Youth and Gelato: A Trip to Brunswick

Yesterday, Clif and I took the afternoon off and headed to Brunswick for a movie and gelato. We had a gift certificate for each event, which meant that except for the gas, the outing was free—our favorite price.

Brunswick has an arty downtown filled with cafés and restaurants and various other shops. While it’s fun to walk on the sidewalks and look at the window displays, crossing the street is another matter. For some inexplicable reason, four lanes go through the downtown, and getting across them can feel like a heroic effort. There is only one spot with a sort of island and a walk signal to help pedestrians cross. Otherwise, it’s just a crosswalk. Hoping that cars will see you and therefore stop, you hold your breath as you scurry across the road.

But Clif and I made it safely across the road to Eveningstar Cinema, which shows independent films. We went to see Youth, directed by Paolo Sorrentino, who seems to be Fellini’s artistic, if not actual, heir. Odd characters are liberally sprinkled throughout this film—a grotesquely obese former sports star; a masseuse with jug ears, braces, and a rodent-like face; an expressionless woman who makes giant soap bubbles for the evening’s entertainment.


Youth is set in a resort in the Swiss Alps, and the resort is frequented by the weary one percent, who all appear as though they are about to die of ennui. Somehow, though, despite the the odd characters and the stylized and often surreal look of the film, Youth is a moving exploration of old age and the regret and diminishment that come with it.  At the center of the story are Fred Ballinger, a composer, and Mick Boyle, a movie director. They are played respectively, and wonderfully, by Michael Caine and Harvey Keitel, who in real life do not at all seem to be diminished by age.

The esoteric Youth is not what I would call a crowd pleaser—although there were plenty of people who came to see it on a Wednesday afternoon at 1:30—but both Clif and I are admirers of this director, who manages to combine surrealism with deep emotion, not an easy trick.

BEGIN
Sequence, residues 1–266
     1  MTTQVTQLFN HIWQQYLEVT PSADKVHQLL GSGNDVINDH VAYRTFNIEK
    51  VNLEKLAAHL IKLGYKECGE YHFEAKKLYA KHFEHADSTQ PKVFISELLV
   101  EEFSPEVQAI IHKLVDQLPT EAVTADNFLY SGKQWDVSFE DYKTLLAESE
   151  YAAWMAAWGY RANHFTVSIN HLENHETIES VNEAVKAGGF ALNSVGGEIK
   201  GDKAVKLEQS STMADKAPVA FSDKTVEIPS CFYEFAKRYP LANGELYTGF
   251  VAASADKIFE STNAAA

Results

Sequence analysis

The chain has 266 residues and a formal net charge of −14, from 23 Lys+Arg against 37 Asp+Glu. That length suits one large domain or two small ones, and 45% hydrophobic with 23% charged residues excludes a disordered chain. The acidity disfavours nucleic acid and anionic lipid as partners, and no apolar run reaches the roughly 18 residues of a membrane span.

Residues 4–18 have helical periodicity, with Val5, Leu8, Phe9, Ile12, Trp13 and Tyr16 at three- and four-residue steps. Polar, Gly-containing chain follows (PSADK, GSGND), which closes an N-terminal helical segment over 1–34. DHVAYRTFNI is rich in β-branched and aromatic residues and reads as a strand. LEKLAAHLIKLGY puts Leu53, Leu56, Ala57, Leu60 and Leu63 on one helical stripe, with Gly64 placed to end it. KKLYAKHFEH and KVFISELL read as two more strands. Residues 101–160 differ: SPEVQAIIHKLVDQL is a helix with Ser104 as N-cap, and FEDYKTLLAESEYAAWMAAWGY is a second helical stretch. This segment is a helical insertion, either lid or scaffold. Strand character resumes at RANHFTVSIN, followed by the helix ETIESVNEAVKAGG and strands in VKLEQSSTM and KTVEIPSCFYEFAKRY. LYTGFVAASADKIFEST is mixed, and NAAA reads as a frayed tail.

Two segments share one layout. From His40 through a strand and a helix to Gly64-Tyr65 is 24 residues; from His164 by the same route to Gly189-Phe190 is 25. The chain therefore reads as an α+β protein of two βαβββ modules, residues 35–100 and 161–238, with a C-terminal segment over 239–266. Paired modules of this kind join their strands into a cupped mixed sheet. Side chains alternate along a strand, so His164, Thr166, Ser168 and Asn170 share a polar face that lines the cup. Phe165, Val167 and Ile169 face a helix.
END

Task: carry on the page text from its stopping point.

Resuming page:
After the movie, we again courted death by crossing the main street to have gelato at the incomparable Gelato Fiasco, where we both had hazelnut and chocolate. So very good.

Since December, the days have gotten longer, and we were able to make it home before dark. The older I get, the more I like this, especially during the winter.

The afternoon had been sunny and fifty degrees warmer than it was on Sunday. What a wild swing! However, this meant the house was warm, and there were still coals in the wood furnace. Clif had no problem restarting the fire.

For our supper we had chili on baked potatoes—I keep cans of chili in the pantry for just such an occasion, when we are out and about and want an easy meal to fix when we come home. A cozy, hearty supper after a good afternoon in Brunswick.



16 thoughts on “Youth and Gelato: A Trip to Brunswick”

  1. Sounds totally delightful on many levels. Your beautiful b’day card arrived today and Himself is having SO MUCH FUN! I really appreciated your participation in the Card-A-Thon. It has already been a huge success and we still have a month to go. Ralphie says, “I guess 85 is a really big deal, huh?” He has NO IDEA what’s happening. LOVE IT!!!!! XOXOXOXO

    1. So glad Ralph got the card. It was created by a friend of mine, who took the photograph and then altered the image in Photoshop. I really love that card, and I was waiting for just the right special person to send it to. 85 is indeed a big deal. Happy birthday to Ralph!

  2. You do pick interesting films. Your story of street crossing reminds me of my ventures of crossing the eight lanes ring roads of Beijing back in the nineties – you can stand at the side walk forever if you wait for a break in the traffic; there was none. So you launch yourself into the fray and become part of the traffic. It works, everyone did it.

    1. That crossing in Beijing makes the road in Brunswick look like a snap. Glad you lived to tell the tale!

    1. “Youth” will definitely not be coming to a Cineplex near you. If you miss it in your area, then you could always see it when it comes to DVD.

  3. We enjoy weird movies–plus Michael Caine and Harvey Keitel–this one definitely goes on our list. Oh, Gelato Fiasco, fortunately we can buy it in the store, but I’m sure it’s even better fresh at the source. Have you tried Tao Yuan in Brunswick? It’s been getting oodles of good publicity lately, but it’s pricey so would love to hear from someone (aside from a critic) who’s eaten there.

    1. Brenda, the gelato is so fresh and creamy at the source that it would be worth a trip to Brunswick just to get it that way. Yes, if you like unusual movies, then put “Youth” on your list. Unfortunately, I haven’t eaten at Tao Yuan, so I can’t give you my take on this restaurant.

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